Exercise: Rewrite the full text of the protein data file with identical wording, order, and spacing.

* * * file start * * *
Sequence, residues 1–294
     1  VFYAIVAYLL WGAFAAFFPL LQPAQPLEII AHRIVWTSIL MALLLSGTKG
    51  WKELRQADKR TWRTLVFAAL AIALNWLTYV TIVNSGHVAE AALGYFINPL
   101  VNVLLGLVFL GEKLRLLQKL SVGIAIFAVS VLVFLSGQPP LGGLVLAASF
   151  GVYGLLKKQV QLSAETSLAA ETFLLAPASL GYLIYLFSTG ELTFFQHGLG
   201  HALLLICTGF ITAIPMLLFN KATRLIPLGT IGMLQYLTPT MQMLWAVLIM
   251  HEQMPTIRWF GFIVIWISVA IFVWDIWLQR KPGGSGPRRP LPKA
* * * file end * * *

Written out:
Sequence, residues 1–294
     1  VFYAIVAYLL WGAFAAFFPL LQPAQPLEII AHRIVWTSIL MALLLSGTKG
    51  WKELRQADKR TWRTLVFAAL AIALNWLTYV TIVNSGHVAE AALGYFINPL
   101  VNVLLGLVFL GEKLRLLQKL SVGIAIFAVS VLVFLSGQPP LGGLVLAASF
   151  GVYGLLKKQV QLSAETSLAA ETFLLAPASL GYLIYLFSTG ELTFFQHGLG
   201  HALLLICTGF ITAIPMLLFN KATRLIPLGT IGMLQYLTPT MQMLWAVLIM
   251  HEQMPTIRWF GFIVIWISVA IFVWDIWLQR KPGGSGPRRP LPKA